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Imidazoline receptors in the heart: a new therapeutic target?

Grant number: 09/08349-7
Support type:Scholarships abroad - Research
Effective date (Start): July 01, 2009
Effective date (End): November 30, 2009
Field of knowledge:Biological Sciences - Pharmacology - Cardiorenal Pharmacology
Principal researcher:Angelita Maria Stabile
Grantee:Angelita Maria Stabile
Host: Suhayla Mukaddam-Daher
Home Institution: Escola de Enfermagem de Ribeirão Preto (EERP). Universidade de São Paulo (USP). Ribeirão Preto , SP, Brazil
Research place: Université de Montréal, Canada  

Abstract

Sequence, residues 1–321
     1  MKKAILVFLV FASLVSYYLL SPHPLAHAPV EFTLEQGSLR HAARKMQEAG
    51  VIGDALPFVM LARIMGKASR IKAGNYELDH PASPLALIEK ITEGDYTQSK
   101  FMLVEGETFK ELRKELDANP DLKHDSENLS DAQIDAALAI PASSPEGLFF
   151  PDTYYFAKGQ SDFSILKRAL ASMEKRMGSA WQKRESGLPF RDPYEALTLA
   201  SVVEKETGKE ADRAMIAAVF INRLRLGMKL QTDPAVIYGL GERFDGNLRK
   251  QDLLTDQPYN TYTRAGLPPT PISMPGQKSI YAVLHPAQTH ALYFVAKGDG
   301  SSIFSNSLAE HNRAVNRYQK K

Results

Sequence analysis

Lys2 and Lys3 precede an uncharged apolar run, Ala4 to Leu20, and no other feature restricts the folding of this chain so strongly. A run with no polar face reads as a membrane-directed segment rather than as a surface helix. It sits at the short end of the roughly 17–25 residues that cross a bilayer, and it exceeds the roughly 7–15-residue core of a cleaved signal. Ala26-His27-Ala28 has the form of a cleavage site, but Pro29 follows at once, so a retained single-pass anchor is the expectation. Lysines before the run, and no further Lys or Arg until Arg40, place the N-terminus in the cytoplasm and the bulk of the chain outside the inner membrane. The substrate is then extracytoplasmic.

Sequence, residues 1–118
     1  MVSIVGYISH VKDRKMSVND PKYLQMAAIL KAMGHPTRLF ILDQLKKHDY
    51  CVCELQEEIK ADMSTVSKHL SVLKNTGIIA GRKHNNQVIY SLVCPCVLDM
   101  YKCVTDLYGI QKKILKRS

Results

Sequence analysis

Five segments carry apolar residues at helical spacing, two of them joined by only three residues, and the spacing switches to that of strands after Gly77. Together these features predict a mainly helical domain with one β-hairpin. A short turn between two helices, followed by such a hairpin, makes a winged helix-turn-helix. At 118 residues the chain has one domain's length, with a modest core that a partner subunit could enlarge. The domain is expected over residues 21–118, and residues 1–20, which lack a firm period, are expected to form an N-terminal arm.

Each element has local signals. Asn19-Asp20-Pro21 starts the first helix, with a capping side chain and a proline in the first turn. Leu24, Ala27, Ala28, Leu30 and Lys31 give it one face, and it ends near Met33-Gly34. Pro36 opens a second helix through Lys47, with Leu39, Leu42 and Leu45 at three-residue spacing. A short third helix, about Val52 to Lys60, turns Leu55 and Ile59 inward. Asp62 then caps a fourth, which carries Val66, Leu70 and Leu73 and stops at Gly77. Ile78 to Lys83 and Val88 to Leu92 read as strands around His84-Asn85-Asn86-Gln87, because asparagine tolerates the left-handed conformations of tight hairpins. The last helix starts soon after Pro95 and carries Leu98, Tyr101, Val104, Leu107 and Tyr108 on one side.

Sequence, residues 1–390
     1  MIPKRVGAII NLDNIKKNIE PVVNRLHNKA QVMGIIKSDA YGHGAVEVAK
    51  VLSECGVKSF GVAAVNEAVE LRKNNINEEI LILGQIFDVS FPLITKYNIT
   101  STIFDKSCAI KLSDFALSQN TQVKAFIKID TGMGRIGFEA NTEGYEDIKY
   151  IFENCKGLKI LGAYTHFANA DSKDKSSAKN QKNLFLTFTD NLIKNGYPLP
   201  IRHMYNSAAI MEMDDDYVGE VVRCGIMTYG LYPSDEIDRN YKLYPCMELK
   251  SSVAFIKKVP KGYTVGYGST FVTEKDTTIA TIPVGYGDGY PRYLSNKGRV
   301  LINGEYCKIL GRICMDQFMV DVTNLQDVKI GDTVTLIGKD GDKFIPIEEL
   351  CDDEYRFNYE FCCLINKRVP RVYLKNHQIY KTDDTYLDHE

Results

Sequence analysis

The objective of this proposal is to pursue the role of imidazoline receptor activation in heart failure. Imidazoline receptors (I1-receptors), implicated in blood pressure regulation through inhibition of sympathetic nervous (SNS) activity have been identified in the heart. Our in vivo studies have shown that moxonidine, an I1-receptor agonist, exerts cardiovascular effects mediated through stimulation of natriuretic peptides, cardiac vasodilatory, natriuretic, and diuretic hormones with anti-hypertrophic, anti-fibrotic, and anti-inflammatory actions. Despite the established beneficial actions of moxonidine in hypertension, its use in heart failure, a condition of activated hormonal systems and inflammatory processes that are influenced by sympathetic overactivity, are less clear, with some studies demonstrating positive outcomes and others demonstrating negative effects. The fact that reduction of sympathetic activity with some sympatholytic agents is beneficial, while other compounds that also inhibit sympathetic activity increase morbidity and mortality clearly demonstrates that we do not properly understand the role of sympathetic activation in the pathophysiology of heart disease progression to failure. Further investigations are needed to delineate downstream signalling pathways that are both unique and common to the SNS/NE and I1-receptors, including natriuretic peptides and inflammatory cytokines, with the intent of better understanding the important homeostatic, as well as the deleterious interactions that occur between these systems. We have preliminary evidence in a genetic model of heart failure, that moxonidine given at an early stage prevents development of LVH and up-regulates mitochondrial anti-apoptotic protein, Bcl-2. In vitro investigation revealed that moxonidine inhibits NE-induced fibroblast proliferation and opposes NE-induced cardiomyocyte apoptosis. Therefore, our hypothesis is that activation of imidazoline receptors may have cardioprotective effects and accordingly, delay the progression of cardiac pathologies into heart failure by inhibition of SNS activity and maladaptive proliferative signalling and downstream apoptotic pathways. These effects are dose- and time-dependent, being most effective when given before and during the transition from compensation into decompensation. Studies on the hemodynamic, biochemical and molecular levels will be performed on hamsters with genetic cardiomyopathy, an animal model for human non-ischemic congestive heart failure, Protocol 1) The effect of various doses of 4-week moxonidine treatment, and 2-weeks-off treatment will be evaluated in 150-day-old normal and myopathic hamsters by weekly measurement of renal parameters and continuous telemetric measurement of blood pressures and heart rate, as well as in vivo cardiac function by echocardiography. Neurohormones, cytokines, interstitial collagen deposit, and cellular markers of cardiac apoptosis/survival will be evaluated in plasma and cardiac tissues. LVH, fibrosis and cardiac lesions will be evaluated histologically and by measurement of collagen deposit. Sympathetic activity will be determined by measurement of urinary, plasma and cardiac catecholamines and tyrosine hydroxylase protein and mRNA. Apoptosis will be detected on heart sections by TUNEL method and DNA fragmentation, and apoptotic proteins. Protocol 2: After establishing the doses, survival/mortality studies on normal and cardiomyopathic hamsters with and without chronic treatment with moxonidine will explore whether longer treatment by moxonidine and the degree of subsequent inhibition of SNS activity may prevent/delay/regress/stimulate heart failure. Measurements will be taken before and during 6 months treatment, with first deaths in the groups recorded. The end point is death of e 50%. These studies will correlate animal survival/mortality to the degree of sympathetic inhibition and hormonal effects and apoptotic markers. (AU)

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